In particular, he stressed that he spoke with Abe about the plans for the joint construction of the Sakhalin-Hokkaido gas pipeline, the creation of a marine energy bridge for the supply of electricity from Russia to Japan, and cooperation in the field of renewable and unconventional energy sources. The implementation of these promising projects, according to Putin, will help provide Japanese consumers with additional energy resources on the shortest routes and at affordable prices.
As the same Nikkei writes, the official in the Japanese government expressed relief in connection with specific agreements reached at the meeting. According to the newspaper from a source close to the Prime Minister, Abe recently expressed his impatience for the hitch in the negotiations, which was marked since the previous summit in December. But further navigation, the newspaper notes, will not be smooth. Russia plans to hold presidential elections in March next year, and some forces in the country refuse to make any compromise on disputed islands. Further friction between Moscow and Washington over North Korea and Syria, according to the newspaper, can also put Japan in a difficult situation.
Indeed, along with bilateral relations, Putin and Abe paid much attention to the North Korean problem. As the largest Japanese newspaper Yomiuri Shimbun points out, the bilateral meeting between Abe and Putin took place in a tense situation in North Korea and Syria, as well as in the growing confrontation between the United States and Russia. The combination of conflicts in the international community casts a shadow over Russian-Japanese relations. According to Reuters, Putin and Abe called on North Korea and other countries to avoid actions or rhetoric that could increase tension around Pyongyang's nuclear program. Both leaders expressed their desire to see the resumption of the six-party talks with North Korea. And the Asahi Sibun newspaper directly links the situation on the Korean peninsula with the possibility of solving the territorial problem between Japan and Russia. The publication writes: "Peace and stability in Northeast Asia are also necessary to resolve a long-standing territorial dispute over the islands. The issue that can have a serious impact on bilateral relations is how Japan and Russia can work together in response to the tense situation around North Korea. Both countries need to work out an effective formula for bilateral cooperation for regional stability as a first step towards concluding a peace treaty. "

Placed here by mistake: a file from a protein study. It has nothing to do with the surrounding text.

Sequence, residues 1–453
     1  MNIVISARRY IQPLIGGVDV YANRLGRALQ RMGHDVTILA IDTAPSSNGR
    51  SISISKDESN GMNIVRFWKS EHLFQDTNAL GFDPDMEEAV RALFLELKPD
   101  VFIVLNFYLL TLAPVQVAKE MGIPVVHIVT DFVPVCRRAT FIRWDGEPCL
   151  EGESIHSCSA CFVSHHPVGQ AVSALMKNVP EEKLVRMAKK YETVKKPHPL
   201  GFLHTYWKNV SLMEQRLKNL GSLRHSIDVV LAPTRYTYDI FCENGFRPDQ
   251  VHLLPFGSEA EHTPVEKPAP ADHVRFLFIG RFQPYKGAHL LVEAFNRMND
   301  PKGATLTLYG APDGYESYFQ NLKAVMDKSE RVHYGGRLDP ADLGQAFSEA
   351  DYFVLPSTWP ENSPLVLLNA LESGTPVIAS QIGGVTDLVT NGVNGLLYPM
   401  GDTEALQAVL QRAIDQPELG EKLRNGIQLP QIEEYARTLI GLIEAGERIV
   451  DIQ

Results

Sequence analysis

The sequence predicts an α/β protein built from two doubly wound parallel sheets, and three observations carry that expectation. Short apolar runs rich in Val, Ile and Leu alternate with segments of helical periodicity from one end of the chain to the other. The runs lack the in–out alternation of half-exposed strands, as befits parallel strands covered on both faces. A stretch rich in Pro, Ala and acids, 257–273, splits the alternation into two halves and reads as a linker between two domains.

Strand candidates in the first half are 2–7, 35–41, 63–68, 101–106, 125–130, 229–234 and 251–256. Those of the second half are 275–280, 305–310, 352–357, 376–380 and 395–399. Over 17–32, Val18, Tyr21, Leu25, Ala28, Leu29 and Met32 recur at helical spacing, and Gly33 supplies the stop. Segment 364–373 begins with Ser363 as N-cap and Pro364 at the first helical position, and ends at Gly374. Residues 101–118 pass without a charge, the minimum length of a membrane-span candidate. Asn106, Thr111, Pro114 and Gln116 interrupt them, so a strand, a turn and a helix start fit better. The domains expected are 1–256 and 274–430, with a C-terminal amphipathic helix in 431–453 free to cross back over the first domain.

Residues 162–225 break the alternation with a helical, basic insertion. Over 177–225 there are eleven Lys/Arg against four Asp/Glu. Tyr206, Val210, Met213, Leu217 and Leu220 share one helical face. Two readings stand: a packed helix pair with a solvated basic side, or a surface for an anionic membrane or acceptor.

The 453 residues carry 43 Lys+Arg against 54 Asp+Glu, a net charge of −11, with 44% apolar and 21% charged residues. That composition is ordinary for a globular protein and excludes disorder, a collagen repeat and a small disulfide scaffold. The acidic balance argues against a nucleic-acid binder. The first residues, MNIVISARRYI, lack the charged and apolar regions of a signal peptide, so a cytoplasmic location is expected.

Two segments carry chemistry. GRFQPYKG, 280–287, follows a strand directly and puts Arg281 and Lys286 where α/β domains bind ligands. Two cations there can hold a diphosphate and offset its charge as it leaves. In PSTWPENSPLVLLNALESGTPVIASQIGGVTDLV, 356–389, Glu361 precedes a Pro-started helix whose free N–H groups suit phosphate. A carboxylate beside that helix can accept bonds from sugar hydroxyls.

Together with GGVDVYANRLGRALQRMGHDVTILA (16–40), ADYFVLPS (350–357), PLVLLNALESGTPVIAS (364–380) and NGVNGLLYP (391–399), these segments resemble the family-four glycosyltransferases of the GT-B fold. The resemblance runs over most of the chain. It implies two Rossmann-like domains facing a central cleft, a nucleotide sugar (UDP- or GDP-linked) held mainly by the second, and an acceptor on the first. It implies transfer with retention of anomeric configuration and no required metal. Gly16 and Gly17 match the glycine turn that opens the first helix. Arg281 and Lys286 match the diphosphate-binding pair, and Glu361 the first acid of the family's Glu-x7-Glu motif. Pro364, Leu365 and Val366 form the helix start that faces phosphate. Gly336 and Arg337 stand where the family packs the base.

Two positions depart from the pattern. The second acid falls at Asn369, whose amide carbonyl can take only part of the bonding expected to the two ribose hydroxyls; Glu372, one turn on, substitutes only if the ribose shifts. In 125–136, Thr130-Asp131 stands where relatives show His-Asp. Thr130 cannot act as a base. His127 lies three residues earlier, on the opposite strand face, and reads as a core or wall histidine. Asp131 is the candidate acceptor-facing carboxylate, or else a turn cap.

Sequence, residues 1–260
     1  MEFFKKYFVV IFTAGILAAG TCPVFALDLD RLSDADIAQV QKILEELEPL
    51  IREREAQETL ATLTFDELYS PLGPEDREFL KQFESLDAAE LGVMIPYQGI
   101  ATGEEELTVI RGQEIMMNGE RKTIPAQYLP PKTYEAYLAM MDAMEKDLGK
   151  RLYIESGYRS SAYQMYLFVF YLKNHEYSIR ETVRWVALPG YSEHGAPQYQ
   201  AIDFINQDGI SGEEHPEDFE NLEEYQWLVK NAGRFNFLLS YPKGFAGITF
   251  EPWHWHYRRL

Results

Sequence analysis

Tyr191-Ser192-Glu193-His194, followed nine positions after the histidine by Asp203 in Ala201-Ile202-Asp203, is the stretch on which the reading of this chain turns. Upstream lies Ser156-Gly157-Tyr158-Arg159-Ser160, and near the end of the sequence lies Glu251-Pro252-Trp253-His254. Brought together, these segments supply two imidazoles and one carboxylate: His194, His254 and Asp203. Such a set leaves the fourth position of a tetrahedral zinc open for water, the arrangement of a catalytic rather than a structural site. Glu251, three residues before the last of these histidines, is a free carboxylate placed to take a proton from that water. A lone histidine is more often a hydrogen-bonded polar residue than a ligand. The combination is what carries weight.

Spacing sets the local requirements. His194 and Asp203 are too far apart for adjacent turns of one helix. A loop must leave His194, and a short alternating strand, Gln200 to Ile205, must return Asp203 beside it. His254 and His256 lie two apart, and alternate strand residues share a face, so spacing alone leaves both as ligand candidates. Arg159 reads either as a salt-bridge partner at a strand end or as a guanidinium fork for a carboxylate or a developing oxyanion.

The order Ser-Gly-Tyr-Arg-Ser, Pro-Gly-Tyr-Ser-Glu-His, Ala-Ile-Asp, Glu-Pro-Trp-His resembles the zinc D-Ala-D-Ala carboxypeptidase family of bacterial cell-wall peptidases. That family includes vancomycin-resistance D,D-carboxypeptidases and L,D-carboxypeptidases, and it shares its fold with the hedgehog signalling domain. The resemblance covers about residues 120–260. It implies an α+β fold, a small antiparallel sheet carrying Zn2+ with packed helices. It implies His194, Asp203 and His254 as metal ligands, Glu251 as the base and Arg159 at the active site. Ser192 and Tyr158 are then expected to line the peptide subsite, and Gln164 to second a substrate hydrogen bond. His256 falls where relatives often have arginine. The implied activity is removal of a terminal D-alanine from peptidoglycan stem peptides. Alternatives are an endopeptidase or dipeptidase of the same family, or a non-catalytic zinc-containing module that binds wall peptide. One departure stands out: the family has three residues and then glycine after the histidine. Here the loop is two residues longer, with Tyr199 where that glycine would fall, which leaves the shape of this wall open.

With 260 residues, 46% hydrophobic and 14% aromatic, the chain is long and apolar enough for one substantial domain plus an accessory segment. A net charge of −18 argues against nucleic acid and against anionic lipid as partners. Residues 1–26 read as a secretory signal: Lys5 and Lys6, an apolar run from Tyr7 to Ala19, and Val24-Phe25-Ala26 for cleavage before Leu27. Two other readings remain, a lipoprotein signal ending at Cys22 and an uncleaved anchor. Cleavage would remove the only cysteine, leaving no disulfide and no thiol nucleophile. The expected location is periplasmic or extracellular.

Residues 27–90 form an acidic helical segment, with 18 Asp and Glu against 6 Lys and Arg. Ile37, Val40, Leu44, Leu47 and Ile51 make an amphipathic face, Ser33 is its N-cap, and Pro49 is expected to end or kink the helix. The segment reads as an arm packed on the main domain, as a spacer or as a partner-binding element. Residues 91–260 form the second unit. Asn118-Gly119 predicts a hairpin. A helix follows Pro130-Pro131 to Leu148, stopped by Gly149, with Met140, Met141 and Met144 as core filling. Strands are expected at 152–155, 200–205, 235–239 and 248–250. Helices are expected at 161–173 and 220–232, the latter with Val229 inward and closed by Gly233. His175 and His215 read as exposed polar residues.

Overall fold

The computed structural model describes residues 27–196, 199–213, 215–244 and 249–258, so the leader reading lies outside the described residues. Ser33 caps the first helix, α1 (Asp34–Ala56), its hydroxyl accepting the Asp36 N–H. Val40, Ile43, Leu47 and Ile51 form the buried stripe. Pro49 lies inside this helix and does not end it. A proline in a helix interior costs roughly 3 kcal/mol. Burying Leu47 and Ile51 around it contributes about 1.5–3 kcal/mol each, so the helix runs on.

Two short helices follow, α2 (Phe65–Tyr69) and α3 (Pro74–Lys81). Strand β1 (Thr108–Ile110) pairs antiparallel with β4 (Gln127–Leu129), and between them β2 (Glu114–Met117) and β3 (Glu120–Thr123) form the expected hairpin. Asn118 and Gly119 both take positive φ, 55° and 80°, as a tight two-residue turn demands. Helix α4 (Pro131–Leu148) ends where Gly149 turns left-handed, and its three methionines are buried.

Thus, the difficult problems of bilateral relations between Russia and Japan, as well as the escalating situation in East Asia and other regions of the world, make further cooperation between Russia and Japan in various fields imperative. On this, James Brown, a professor at Temple University in Tokyo and an expert on Russian-Japanese relations, said in the Japan Times newspaper that “courting Putin” despite the displeasure of Washington and other Western capitals, Japan’s Prime Minister Shinzo Abe not only aims to get controversial islands, but also has certain strategic intentions. They are to help, with the help of Russia, to neutralize as far as possible the two main, according to Japanese politicians and experts, threats to Japan’s security today, from China’s increasing military power and naval activity, and improving North Korea’s nuclear missile potential.
On the occasion of the April summit, the expert writes: "The last summit in Moscow ended with Abe expressing his enthusiasm for seeing Putin again at the G-20 meeting in Hamburg in July. He also confirmed his promise to go to Vladivostok in September. The upcoming two meetings with Putin are unlikely to lead to a major breakthrough on the territorial issue, giving rise to even more doubts about Abe's seemingly strange obsession with the Russian leader. Nevertheless, the unilateral male friendship of Abe with Putin, generated by the long-term plan for the islands and strategic calculations, will apparently continue. "
At the same time, it should be noted that, as it was throughout the postwar period, Tokyo is forced to coordinate its policy towards Moscow with its main and only military-political ally, the United States. So, according to the Asahi Shimbun newspaper, 1 May, Prime Minister Shinzo Abe had an 30-minute telephone conversation with US President Donald Trump. The details of the conversation were not disclosed, but according to the newspaper, in the center of the dialogue were the results of Abe's visit to Moscow in April, as well as the coordination of the policies of the two allies with regard to the DPRK. As the newspaper writes, it's no secret that Abe and Trump also talked on the phone before the trip of the Japanese prime minister to Moscow.In short, from the change of presidents in the United States, Uncle Sam's shadow over Russian-Japanese relations does not change.